IAF to fly Jaguars for next 10 yrs

IAF to fly Jaguars for next 10 yrs

As many as 31 aircraft would come from France free of cost with India providing only the shipping charges.

Indian Air Force Chief Air Chief Marshal B S Dhanoa on Friday said the force wanted to fly the Jaguar fighter aircraft at least for another 10 years by cannibalising the spares from other Jaguar jets, which India will receive free of cost from other countries.

“We are currently doing obsolescence management for the Jaguar aircraft. How can we do it? We have to get spare parts from other countries. Some are expensive while others are quite cheaper. We have 118 Jaguar aircraft of late, and we expect them to be operative for the next 10 years,” Dhanoa told reporters on the sidelines of a function here.

As many as 31 aircraft would come from France free of cost with India providing only the shipping charges. The same is true for 2 aircraft, few engines and spares that will come from Oman. But the defence ministry will pay nearly Rs 2.8 crore to the UK to get another two twin-seater Jaguar aircraft along with spares.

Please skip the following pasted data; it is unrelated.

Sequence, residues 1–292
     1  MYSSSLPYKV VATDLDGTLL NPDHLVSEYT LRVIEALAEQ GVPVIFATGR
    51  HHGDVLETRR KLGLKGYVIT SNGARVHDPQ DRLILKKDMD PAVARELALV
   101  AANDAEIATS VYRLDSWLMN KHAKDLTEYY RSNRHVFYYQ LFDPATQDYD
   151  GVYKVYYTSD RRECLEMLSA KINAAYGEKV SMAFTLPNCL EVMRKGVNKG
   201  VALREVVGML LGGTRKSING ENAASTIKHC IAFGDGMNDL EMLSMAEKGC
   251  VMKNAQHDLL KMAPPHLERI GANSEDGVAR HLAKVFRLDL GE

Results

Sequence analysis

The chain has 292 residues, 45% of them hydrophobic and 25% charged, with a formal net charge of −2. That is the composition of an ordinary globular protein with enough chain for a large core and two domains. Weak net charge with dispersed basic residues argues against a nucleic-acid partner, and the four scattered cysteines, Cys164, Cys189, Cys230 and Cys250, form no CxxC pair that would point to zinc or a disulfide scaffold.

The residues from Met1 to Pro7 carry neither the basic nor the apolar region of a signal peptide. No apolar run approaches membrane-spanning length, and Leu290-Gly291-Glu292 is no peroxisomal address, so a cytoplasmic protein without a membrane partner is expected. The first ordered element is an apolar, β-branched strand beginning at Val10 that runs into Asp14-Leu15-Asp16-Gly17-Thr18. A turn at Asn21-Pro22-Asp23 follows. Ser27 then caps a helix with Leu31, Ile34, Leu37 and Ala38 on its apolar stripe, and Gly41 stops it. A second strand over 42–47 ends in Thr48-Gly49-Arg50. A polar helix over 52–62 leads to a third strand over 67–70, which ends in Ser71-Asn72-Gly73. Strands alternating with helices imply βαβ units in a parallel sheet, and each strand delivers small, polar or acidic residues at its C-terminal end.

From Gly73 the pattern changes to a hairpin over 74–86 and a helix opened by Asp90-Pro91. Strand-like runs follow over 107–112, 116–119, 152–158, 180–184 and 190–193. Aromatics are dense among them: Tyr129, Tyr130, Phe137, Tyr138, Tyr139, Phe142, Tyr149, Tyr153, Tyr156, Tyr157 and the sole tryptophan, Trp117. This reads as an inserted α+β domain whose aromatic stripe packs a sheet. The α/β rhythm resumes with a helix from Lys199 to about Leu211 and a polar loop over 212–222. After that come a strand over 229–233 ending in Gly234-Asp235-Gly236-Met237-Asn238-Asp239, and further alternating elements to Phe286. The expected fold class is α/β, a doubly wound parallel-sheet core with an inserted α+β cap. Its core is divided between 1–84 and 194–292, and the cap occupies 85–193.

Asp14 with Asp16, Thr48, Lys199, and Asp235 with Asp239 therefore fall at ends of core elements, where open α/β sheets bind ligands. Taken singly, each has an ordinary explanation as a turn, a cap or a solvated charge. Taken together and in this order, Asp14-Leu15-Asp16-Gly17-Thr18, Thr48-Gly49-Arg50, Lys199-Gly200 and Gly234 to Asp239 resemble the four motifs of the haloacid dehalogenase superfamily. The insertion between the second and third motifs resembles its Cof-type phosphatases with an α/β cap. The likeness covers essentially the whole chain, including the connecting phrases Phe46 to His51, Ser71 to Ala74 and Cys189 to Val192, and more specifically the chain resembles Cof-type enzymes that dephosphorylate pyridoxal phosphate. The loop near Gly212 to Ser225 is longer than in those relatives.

Components and systems from these aircraft would be extracted — cannibalisation in aviation parlance — to run the Indian squadrons for several years.

Dhanoa said that the IAF was revamping 117 Jaguar ground attack fighters that have become obsolete.

India is the only country that still flies the Jaguars. Its two original users, Royal Air Force and French Air Force, replaced their Jaguars with Eurofighter Typhoon and Rafale respectively.

The IAF and Hindustan Aeronautics Limited are yet to finalise a programme to upgrade five Jaguar squadrons (80 aircraft) with a new engine and installing DARIN-3 (Display Attack Ranging Inertial Navigation-III) navigational-attack system in the old aircraft.

The modification is meant for transforming the ancient jet into a modern fighting machine with a head-up display, all-glass cockpit, advanced avionics, auto-pilot and new weapon systems. The IAF inducted 40 Jaguars from the UK beginning 1979, followed by licensed production of another 150 aircraft by HAL.

Once these modifications are carried out, the fighter aircraft's life would be extended by more than 10 years.

The IAF is way below its sanctioned strength of 42 squadrons and a large number of its combat fleet is old MiG aircraft that are being phased out.